Bishop Blase J. Cupich of Spokane, Wash., when they come together in
Seattle in June for their semi-annual meeting, the U.S. Catholic bishops
will be looking into whether there was “some sort of the breakdown of
the system” that led to the D.A.’s investigation of more than two dozen
priests in the archdiocese of Philadelphia. Cupich, who chairs the
bishops’ Committee for the Protection of Children and Young People, told
the Catholic News Service that he thinks what happened in the City of
Not-So-Brotherly-Love on Cardinal Rigali’s watch was an aberration, and
such is devoutly to be wished.
But let’s say that the system
established by the 2002 “Charter for the Protection of Children and
Young People” is found to have broken down, what then? (And how could it
not have broken down?)
The problem is that the system was not equipped with any mechanism to deal with bishops who choose to withhold the hem of their cassocks from the system. For example, the system expects all dioceses to participate in prescribed annual abuse audits, but if the bishops of Lincoln, Nebraska, and Baker, Oregon, decline to participate, they get to do so with impunity. Because, God forbid, the episcopal collectivity may never call one of its own to account.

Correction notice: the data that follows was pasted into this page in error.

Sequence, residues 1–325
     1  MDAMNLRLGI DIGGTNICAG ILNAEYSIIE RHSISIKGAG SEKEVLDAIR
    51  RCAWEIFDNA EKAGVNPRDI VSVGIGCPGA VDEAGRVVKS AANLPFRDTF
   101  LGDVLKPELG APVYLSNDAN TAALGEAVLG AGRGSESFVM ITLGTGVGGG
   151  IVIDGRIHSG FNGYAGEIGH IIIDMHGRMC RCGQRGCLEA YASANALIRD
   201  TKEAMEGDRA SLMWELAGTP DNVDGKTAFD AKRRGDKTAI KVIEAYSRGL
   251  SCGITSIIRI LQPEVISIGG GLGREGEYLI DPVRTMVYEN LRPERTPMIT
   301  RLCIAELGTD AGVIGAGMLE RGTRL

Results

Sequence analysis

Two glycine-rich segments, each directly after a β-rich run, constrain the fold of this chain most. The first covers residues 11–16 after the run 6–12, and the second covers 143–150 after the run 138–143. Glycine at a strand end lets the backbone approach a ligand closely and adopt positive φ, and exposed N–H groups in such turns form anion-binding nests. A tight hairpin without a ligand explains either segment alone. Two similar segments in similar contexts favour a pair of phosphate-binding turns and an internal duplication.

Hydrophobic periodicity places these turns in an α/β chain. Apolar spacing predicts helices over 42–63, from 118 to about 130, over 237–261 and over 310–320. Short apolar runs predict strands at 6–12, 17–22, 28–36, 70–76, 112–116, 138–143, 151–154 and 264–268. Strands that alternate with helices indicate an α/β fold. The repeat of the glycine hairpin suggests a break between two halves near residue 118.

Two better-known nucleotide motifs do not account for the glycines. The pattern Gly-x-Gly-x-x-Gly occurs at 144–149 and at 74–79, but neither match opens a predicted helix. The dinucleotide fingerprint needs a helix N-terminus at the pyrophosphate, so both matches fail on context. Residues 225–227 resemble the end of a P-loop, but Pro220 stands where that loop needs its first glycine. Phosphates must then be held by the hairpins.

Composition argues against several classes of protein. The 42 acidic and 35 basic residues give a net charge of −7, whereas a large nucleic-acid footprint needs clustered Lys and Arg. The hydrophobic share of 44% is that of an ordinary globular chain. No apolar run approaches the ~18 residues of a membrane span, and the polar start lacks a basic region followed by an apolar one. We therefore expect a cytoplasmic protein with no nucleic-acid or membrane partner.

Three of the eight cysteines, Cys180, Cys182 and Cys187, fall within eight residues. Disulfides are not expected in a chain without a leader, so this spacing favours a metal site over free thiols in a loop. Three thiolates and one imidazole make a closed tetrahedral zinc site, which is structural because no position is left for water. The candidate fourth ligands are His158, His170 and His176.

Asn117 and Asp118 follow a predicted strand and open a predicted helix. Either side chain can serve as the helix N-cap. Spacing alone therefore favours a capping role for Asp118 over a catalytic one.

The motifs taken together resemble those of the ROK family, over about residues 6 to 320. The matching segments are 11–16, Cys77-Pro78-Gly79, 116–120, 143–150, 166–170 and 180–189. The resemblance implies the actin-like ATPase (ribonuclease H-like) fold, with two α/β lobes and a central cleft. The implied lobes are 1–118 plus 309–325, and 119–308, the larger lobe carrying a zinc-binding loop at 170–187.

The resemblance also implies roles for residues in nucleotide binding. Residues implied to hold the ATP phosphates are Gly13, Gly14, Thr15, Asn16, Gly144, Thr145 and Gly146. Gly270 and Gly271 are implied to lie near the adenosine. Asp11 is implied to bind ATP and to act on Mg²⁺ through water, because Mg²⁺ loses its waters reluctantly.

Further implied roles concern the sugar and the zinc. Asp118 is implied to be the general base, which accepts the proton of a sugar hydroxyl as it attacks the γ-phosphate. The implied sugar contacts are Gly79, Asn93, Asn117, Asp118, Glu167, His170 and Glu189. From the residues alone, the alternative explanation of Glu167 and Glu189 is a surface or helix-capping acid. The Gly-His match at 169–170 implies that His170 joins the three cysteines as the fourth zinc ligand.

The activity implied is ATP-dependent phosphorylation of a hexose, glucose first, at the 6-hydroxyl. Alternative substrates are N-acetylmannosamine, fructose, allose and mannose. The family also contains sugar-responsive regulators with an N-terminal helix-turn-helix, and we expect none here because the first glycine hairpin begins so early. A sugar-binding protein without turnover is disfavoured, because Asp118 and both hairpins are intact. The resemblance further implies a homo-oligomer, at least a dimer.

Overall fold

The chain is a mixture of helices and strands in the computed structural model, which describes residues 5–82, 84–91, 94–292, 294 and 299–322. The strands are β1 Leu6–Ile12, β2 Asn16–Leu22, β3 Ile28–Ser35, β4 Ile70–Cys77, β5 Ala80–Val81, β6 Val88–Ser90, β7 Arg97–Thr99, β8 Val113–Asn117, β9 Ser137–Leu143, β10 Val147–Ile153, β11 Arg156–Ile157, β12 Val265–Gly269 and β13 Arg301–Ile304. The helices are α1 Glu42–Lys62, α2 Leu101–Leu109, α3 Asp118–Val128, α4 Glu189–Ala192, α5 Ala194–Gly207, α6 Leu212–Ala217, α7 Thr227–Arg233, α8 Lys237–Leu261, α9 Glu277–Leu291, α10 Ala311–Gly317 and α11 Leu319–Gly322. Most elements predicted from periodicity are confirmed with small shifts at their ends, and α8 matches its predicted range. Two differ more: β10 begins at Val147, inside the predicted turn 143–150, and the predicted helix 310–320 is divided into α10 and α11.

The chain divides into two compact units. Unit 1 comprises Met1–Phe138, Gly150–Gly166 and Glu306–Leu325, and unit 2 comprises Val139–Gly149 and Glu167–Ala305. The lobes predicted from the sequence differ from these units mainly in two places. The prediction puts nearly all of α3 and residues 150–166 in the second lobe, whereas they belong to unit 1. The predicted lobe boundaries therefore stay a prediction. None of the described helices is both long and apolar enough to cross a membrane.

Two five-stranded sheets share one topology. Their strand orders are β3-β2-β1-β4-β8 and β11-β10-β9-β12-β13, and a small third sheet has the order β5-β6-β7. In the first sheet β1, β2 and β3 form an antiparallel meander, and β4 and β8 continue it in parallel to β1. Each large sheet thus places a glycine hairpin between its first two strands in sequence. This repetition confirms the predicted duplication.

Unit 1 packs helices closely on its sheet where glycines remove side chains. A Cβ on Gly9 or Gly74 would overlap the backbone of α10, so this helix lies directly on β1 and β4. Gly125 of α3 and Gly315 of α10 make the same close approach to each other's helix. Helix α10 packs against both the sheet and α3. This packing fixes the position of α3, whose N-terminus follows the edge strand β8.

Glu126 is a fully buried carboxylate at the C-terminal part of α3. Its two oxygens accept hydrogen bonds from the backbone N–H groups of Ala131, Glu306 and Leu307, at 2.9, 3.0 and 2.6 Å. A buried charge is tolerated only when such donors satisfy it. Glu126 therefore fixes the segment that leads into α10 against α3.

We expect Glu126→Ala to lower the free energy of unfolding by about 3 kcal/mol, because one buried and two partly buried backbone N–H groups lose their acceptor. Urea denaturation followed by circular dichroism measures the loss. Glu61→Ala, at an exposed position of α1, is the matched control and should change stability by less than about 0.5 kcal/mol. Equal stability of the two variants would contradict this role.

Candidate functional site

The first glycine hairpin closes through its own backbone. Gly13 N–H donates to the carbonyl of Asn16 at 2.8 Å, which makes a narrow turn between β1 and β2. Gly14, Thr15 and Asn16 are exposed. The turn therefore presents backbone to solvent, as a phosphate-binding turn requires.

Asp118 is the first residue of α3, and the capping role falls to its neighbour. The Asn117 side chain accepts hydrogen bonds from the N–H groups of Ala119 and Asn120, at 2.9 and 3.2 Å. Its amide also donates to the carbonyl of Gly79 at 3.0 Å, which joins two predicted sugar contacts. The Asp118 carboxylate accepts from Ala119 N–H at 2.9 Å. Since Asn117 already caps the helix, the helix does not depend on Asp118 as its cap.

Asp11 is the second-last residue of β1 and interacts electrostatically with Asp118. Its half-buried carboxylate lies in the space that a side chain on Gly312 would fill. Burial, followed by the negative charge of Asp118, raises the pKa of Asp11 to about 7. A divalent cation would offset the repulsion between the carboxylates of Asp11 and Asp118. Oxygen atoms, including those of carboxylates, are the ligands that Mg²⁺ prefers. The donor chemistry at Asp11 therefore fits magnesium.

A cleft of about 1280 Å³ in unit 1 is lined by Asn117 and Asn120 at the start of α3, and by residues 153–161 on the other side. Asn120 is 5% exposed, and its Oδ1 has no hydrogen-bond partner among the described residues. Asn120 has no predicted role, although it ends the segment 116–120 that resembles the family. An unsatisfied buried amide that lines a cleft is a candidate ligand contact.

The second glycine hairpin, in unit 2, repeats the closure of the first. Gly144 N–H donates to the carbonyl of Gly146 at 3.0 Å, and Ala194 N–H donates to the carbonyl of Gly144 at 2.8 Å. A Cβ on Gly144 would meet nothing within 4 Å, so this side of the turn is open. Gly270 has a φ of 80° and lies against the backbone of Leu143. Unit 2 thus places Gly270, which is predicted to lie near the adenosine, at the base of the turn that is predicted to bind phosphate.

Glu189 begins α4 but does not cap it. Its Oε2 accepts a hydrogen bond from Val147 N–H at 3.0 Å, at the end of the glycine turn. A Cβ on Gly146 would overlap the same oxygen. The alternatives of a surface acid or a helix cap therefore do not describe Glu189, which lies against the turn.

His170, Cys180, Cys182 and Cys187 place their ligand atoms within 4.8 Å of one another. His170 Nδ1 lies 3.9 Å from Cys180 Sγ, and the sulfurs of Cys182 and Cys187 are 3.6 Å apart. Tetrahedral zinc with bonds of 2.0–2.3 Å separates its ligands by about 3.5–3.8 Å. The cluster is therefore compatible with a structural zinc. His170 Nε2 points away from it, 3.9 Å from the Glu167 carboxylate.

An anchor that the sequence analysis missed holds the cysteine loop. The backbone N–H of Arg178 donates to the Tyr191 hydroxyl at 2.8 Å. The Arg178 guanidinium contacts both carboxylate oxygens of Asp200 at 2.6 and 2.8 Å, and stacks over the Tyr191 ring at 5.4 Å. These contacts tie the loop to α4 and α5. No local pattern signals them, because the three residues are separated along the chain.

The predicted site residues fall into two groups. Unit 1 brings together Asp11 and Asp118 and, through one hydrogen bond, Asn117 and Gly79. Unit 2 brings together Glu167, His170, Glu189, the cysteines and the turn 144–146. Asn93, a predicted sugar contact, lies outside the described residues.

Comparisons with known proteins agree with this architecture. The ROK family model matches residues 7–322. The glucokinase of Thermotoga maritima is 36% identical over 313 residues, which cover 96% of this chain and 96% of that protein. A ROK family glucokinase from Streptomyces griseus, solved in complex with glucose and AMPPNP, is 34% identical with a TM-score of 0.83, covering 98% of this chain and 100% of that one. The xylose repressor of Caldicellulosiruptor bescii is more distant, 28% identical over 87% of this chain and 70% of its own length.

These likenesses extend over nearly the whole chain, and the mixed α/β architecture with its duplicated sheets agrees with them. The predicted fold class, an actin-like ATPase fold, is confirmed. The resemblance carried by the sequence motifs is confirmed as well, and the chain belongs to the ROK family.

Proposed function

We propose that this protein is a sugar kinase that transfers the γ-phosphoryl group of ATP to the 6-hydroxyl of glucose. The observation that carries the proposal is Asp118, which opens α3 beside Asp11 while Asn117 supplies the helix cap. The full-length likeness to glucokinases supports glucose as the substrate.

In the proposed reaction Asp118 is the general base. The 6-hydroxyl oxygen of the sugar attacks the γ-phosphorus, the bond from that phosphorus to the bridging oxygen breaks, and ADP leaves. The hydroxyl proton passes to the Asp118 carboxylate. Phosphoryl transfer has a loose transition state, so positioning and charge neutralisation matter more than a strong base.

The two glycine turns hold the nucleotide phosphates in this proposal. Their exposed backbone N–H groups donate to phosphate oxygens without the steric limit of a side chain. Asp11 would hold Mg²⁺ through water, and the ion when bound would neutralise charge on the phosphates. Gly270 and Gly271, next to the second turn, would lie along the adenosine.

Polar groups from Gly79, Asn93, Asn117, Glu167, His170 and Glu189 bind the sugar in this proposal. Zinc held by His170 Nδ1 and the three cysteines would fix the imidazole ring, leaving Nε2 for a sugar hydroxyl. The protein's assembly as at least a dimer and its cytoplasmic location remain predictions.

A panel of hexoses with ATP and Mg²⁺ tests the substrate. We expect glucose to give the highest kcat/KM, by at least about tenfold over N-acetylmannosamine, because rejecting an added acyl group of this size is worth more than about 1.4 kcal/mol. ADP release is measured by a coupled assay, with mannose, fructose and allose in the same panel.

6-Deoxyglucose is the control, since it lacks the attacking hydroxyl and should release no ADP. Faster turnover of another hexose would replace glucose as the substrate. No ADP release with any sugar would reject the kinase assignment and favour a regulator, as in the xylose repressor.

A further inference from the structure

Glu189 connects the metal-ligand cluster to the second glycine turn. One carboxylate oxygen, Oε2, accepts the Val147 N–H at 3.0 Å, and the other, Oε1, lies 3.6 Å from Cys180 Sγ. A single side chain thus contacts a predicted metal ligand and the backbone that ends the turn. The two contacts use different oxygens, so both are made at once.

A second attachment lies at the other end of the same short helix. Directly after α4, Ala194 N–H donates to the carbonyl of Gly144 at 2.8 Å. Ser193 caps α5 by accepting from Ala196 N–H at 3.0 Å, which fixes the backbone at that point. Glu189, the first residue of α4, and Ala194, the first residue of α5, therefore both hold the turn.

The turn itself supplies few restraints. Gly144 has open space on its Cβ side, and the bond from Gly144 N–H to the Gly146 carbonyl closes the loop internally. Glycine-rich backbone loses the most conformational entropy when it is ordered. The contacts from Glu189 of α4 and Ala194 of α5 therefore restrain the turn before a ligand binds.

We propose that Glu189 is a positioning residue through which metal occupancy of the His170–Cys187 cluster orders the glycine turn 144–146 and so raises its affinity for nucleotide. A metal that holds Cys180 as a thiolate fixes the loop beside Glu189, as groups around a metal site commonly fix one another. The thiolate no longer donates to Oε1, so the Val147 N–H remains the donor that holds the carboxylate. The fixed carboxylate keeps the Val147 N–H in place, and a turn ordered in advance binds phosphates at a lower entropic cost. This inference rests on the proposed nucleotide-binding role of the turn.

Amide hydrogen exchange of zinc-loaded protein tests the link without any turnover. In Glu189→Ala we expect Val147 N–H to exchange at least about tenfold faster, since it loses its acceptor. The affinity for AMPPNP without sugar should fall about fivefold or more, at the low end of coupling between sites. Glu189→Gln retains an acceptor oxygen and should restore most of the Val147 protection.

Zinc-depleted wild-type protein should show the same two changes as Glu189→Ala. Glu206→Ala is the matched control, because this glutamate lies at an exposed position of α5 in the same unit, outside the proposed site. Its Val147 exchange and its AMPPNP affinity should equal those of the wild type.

In the U.S., that is. In Ireland, the system works a little differently. There, they’ve set up a church oversight panel called the National Board for Safeguarding Children in the Catholic Church, which conducts its own investigations. This may not work perfectly, but as John Allen points out, it was its investigation of the diocese of Clough several years ago–and its severe criticism of Bishop John Magee–that led to a forthcoming government review (as well as Magee’s resignation last year). The National Review Board established by the 2002 Charter does not have the power to conduct investigations.
I have a suggestion for you, Bishop Cupich. In light of Philadelphia, how about proposing a move to the Irish system?